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A view on Blu-ray by Gary W. Tooze

Woman of Straw [Blu-ray]


(Basil Dearden , 1964)



Review by Gary Tooze



Theatrical: Michael Relph Productions

Video: Kino Lorber



Region: 'A' (as verified by the Oppo Blu-ray player)

Runtime: 1:57:27.040

Disc Size: 21,953,147,616 bytes

Feature Size: 21,911,685,120 bytes

Video Bitrate: 21.93 Mbps

Chapters: 8

Case: Standard Blu-ray case

Release date: April 14th, 2015



Aspect ratio: 1.66:1

Resolution: 1080p / 23.976 fps

Video codec: MPEG-4 AVC Video



DTS-HD Master Audio English 1563 kbps 2.0 / 48 kHz / 1563 kbps / 16-bit (DTS Core: 2.0 /
48 kHz / 1509 kbps / 16-bit)






• None





Description: Tyrannical but ailing tycoon Charles Richmond (Ralph Richardson, The Fallen Idol) becomes obsessed with his attractive nurse, Maria (Gina Lollobrigida, Buona Sera, Mrs. Campbell). The nurse, in turn, falls in love with Charles' money-hungry nephew, Anthony (Sean Connery, The Offence), who plots ways to gain control of his uncle's fortune. This stylish and suspenseful thriller was beautiful shot by the legendary Otto Heller (Peeping Tom) and wonderfully directed by the great Basil Dearden (The League of Gentlemen). Co-starring Alexander Knox (Wilson) as Detective Inspector Lomer.



The Film:

Richardson is the wheelchair-bound scourge of his family, hated by his nephew Connery, and nursed by Lollobrigida. Connery hatches a scheme to inherit the old man's money by marrying him off to La Lollo, but of course it goes rather awry, with Richardson getting bumped off earlier than expected. Despite good performances from the three stars, and a plot whose convolutions keep you awake, Dearden treats it rather timidly, afraid to go for the dramatic jugular.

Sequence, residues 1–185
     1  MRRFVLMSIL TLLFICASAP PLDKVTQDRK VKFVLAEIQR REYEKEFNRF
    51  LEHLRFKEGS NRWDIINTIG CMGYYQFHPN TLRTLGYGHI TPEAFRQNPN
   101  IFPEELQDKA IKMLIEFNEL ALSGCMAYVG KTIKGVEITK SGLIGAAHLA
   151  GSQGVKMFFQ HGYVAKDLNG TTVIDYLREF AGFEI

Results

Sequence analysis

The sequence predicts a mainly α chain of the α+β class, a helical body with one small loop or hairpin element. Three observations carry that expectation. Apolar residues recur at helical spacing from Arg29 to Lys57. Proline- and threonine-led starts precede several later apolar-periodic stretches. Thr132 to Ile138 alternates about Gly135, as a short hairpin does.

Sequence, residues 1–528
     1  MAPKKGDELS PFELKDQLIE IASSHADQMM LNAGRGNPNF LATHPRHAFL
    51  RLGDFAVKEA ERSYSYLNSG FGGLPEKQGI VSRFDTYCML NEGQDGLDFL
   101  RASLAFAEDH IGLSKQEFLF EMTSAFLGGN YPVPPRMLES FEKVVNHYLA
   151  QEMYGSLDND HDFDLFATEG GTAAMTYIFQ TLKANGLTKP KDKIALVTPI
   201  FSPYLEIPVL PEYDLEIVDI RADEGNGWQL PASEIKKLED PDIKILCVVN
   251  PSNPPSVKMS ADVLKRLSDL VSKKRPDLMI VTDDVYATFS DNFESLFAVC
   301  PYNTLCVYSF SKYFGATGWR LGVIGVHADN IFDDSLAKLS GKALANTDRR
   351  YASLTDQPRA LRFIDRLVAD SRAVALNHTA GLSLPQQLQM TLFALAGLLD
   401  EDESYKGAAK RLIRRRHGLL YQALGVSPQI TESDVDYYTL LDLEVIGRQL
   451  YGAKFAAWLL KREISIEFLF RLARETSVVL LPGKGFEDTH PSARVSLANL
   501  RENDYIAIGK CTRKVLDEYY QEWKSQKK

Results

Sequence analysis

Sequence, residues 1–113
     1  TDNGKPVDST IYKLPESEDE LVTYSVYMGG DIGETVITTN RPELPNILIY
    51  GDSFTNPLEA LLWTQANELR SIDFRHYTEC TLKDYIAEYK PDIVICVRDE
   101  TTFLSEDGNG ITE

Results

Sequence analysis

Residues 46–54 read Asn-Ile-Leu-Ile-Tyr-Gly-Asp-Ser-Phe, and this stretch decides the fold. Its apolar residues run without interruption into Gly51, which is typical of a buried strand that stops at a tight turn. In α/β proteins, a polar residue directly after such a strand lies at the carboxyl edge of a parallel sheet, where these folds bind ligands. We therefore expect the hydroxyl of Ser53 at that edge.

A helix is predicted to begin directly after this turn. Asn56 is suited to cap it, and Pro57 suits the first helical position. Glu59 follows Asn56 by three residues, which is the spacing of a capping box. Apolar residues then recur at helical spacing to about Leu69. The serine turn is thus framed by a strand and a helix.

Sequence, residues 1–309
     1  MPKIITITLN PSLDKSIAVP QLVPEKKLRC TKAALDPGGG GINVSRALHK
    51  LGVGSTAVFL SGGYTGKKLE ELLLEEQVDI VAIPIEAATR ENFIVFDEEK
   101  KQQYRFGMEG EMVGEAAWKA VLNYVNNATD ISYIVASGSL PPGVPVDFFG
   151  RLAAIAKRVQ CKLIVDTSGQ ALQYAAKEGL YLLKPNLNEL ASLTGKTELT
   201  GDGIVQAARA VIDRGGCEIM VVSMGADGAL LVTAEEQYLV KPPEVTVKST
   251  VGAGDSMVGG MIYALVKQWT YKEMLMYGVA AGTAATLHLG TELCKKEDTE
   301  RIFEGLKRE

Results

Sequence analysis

Excerpt from TimeOut Film Guide located HERE


One reason Sean Connery made the transition from sexy movie icon to beloved movie icon is that he almost always played the good guy. But there are exceptions. In Woman of Straw (1964), playing the calculating nephew of Ralph Richardson's rich old wheelchair-bound monster, he schemes with Gina Lollobrigida to murder the old boy. Connery filmed it just after the first two Bond films Dr. No (1962) and From Russia with Love (1963). But not for his oft-stated wish to avoid being typecast as Bond. It was for a simpler reason. Connery smarted at being paid only $6000 for the first Bond film, which neither he nor many others foresaw would become the franchise and cash cow it remains to this day. He remained bitter over his meager Bond payoffs for decades. But Bond did catapult Connery into international sexy tough guy stardom, and Woman of Straw earned him his first million-dollar paycheck.